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Local Law Enforcement Reacts to Ferguson

CEDAR RAPIDS, IA (CBS 2/FOX 28) -- In the midst of the chaos in Ferguson, many are pushing for peace.

"Our goal is to speak some calmness, to take some of the heat out this situation," says Bishop Edwin Bass with The Empowered Church in Missouri.

Not everyone has the same goal, however.  Police there say it's a small group causing the problems, resulting in the scenes you've seen across television for the past few days.

"I'm thankful that it didn't happen here," says Linn County Sheriff Brian Gardner. "I'm hoping that it wouldn't happen here."
Nearly 300 miles away, Linn County Sheriff Brian Gardner says he is taking in the images just like the rest of us. Gardner says he understands those attempting to protest peacefully.

"There's a tragedy that occurred and people are upset, and rightfully so," Gardner says.

It's the few among the masses, the ones tossing the Molotov cocktails and shooting at police that may necessitate the military gear many have called controversial.

"If I was being shot at, I would want to be as well protected as possible," Gardner says.

Gardner says as for the shooting itself, all the facts aren't out yet, but ultimately, there are no winners.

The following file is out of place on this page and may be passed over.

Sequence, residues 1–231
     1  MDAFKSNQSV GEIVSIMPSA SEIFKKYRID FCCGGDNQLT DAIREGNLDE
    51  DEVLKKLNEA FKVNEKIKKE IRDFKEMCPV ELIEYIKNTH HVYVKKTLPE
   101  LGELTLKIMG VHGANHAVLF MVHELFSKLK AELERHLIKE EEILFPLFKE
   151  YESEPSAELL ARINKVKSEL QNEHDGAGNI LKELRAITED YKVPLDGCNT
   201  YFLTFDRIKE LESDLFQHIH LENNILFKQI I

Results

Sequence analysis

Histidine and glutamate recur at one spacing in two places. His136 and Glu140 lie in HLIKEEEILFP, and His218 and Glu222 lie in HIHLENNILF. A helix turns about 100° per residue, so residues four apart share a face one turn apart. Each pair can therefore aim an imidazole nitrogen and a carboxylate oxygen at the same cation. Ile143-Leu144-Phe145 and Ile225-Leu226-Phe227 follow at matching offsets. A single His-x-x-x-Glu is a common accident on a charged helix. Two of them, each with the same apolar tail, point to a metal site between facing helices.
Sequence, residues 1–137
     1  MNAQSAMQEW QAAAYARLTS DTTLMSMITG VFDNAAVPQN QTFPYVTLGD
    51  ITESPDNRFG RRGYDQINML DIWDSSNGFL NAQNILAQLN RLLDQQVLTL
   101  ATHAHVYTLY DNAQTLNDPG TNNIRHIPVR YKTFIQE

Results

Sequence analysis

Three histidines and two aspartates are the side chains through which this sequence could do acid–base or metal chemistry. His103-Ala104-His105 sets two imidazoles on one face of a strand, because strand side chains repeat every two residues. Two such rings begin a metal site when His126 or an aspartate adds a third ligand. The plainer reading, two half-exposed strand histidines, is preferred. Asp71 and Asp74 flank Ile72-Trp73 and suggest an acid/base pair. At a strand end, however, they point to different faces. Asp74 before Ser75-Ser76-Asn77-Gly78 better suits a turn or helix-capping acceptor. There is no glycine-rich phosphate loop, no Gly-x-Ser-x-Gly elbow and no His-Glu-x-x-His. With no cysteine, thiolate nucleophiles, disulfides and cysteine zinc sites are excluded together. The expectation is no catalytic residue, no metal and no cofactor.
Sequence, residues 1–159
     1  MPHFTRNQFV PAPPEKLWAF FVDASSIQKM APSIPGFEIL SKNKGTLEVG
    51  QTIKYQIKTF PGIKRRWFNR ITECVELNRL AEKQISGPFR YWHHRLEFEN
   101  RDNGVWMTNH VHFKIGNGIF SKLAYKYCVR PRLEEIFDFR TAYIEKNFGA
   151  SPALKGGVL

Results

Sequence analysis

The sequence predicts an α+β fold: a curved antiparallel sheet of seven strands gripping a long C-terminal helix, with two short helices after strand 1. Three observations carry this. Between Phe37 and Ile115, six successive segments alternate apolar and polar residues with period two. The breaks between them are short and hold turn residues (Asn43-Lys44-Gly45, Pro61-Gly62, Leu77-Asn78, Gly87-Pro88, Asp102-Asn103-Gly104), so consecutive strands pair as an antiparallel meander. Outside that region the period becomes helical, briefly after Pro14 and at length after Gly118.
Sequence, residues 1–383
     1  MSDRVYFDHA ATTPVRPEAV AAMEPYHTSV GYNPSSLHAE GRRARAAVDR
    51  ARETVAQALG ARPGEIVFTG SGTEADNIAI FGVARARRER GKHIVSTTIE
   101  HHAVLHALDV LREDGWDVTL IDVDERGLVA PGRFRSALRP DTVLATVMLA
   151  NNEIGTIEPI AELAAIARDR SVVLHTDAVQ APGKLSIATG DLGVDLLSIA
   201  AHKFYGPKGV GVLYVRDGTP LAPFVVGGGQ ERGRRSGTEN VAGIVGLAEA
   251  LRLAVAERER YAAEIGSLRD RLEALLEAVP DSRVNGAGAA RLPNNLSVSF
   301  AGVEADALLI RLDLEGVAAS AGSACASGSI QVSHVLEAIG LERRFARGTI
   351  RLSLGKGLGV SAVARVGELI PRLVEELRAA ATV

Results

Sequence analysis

"I think it's a lose-lose situation," he says. "It was a lose-lose situation from the beginning."

Many wonder if and when the protests stop, where Ferguson goes from here.

"Their grievances go historically deeper than a single act of violence," says Colin Gordon, a history professor at the University of Iowa.

Gordon says after decades of housing discrimination in Ferguson, along with a considerable wealth gap between blacks and whites, and a general mistrust of police among the African American community, healing the city will be a tough task.

"You can't really run the reel backwards, because so much damage has been done," he says.

According to Ferguson's mayor, the city is exploring ways to increase black applicants to the police academy, and is trying to raise funds for cameras that would be attached to patrol cars and officers -- in an effort to "learn from this tragedy."
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